Why is some honey processed/what is processing honey?

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Why is some honey processed/what is processing honey?

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It’s a lot like wine actually, generally it’s blended from multiple sources to produce a homogenous product, filtered, and pasteurized. If you want something that’s a predictable, all year every year the same product, that’s what you do.

Raw honey (i.e. the stuff in beehives) has a variety of bacteria in it that *might* not be all that great for your body. Sometimes, the bacteria can grow and spread throughout a jar of honey, especially if it’s stored at room temperature. This stuff won’t *always* get people sick, but it can and it’s a risk that some nations try to protect against.

The process for removing this harmful bacteria is called “pasteurization.” It involves heating the honey to a specific temperature and keeping it there long enough to kill the bacteria. Pasteurization can also be done by using radiation, though we should understand that the type of radiation used (and the duration of exposure) is carefully controlled to avoid damaging the honey and/or getting people sick.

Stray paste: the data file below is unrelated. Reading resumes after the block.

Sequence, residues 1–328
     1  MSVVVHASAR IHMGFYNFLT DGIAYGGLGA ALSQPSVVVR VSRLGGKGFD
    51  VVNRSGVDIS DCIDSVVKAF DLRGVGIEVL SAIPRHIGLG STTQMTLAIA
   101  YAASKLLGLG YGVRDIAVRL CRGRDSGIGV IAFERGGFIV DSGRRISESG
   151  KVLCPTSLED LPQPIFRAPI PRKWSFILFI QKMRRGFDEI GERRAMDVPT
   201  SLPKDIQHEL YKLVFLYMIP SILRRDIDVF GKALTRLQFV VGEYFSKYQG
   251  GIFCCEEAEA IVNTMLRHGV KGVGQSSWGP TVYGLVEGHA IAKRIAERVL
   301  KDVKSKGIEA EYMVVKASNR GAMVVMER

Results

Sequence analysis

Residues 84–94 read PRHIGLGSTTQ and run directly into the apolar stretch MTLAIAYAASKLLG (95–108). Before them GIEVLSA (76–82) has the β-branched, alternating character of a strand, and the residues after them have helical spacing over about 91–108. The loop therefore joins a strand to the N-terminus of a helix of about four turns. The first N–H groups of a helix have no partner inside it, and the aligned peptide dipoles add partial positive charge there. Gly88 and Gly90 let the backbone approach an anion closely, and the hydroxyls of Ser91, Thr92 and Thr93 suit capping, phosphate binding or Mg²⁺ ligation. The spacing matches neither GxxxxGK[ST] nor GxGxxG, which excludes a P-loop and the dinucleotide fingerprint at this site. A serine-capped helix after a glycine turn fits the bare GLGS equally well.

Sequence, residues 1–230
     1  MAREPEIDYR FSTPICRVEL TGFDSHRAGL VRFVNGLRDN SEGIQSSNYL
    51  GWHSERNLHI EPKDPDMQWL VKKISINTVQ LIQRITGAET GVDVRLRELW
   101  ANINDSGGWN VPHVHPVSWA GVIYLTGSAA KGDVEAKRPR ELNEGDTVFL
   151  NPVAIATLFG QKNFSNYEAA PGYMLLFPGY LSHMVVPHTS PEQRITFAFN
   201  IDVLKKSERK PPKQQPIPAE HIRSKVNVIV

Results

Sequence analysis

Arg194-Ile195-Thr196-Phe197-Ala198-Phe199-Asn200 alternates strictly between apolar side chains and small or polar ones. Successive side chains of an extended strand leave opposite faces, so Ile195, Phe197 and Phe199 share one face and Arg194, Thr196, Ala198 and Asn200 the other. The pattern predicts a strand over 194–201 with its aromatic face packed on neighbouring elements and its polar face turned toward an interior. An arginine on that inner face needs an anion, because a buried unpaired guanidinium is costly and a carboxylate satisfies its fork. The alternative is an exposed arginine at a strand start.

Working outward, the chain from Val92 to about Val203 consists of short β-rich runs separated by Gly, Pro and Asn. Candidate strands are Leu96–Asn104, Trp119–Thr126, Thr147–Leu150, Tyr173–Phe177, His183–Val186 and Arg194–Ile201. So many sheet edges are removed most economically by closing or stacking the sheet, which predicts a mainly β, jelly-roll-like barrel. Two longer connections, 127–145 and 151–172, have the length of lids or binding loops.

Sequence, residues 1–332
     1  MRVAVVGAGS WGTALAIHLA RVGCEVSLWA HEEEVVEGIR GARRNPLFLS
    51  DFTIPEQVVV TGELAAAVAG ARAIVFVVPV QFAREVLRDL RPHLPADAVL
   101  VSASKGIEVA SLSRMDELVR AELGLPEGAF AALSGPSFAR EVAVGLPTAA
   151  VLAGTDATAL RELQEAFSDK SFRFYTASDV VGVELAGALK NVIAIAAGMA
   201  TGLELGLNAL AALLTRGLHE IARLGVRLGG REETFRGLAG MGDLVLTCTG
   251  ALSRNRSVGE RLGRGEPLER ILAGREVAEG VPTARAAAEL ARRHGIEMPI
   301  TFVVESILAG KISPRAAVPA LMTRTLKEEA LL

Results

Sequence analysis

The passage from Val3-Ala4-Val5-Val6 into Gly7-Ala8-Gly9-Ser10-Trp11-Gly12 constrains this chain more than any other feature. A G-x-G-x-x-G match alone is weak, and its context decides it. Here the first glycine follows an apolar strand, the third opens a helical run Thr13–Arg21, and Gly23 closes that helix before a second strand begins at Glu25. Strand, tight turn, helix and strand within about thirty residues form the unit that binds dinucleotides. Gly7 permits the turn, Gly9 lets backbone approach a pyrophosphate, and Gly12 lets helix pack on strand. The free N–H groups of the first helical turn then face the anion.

When you hear the term “processed honey,” it’s referring to this pasteurization process.

sorry, edited to add: raw honey is simply any honey that hasn’t been through the pasteurization process. Raw honey *can* be perfectly safe, though for some people it isn’t (based on things like personal medical history or preexisting conditions); likewise, sometimes the manufacturer will sell a bad batch of honey without realizing it, because honey has some anti-bacterial and anti-microbial qualities, but it’s not always a guarantee.

It’s likely honey that’s been supplemented with corn sweeteners. It’s not “pure, raw honey” because that a much more expensive liquid. Sorta like the difference between “Cheese” and “Processed Cheese”.

“Raw” honey is simply strained and bottled. It may be cloudy due to microscopic bits of honeycomb, pollen, etc. Some people like it better this way.

“Processed” honey is clarified so that it’s clear and smooth, and then pasteurized for safety. Some people like it better this way.

I don’t believe anyone has ever conclusively proven any nutritional difference between them either way.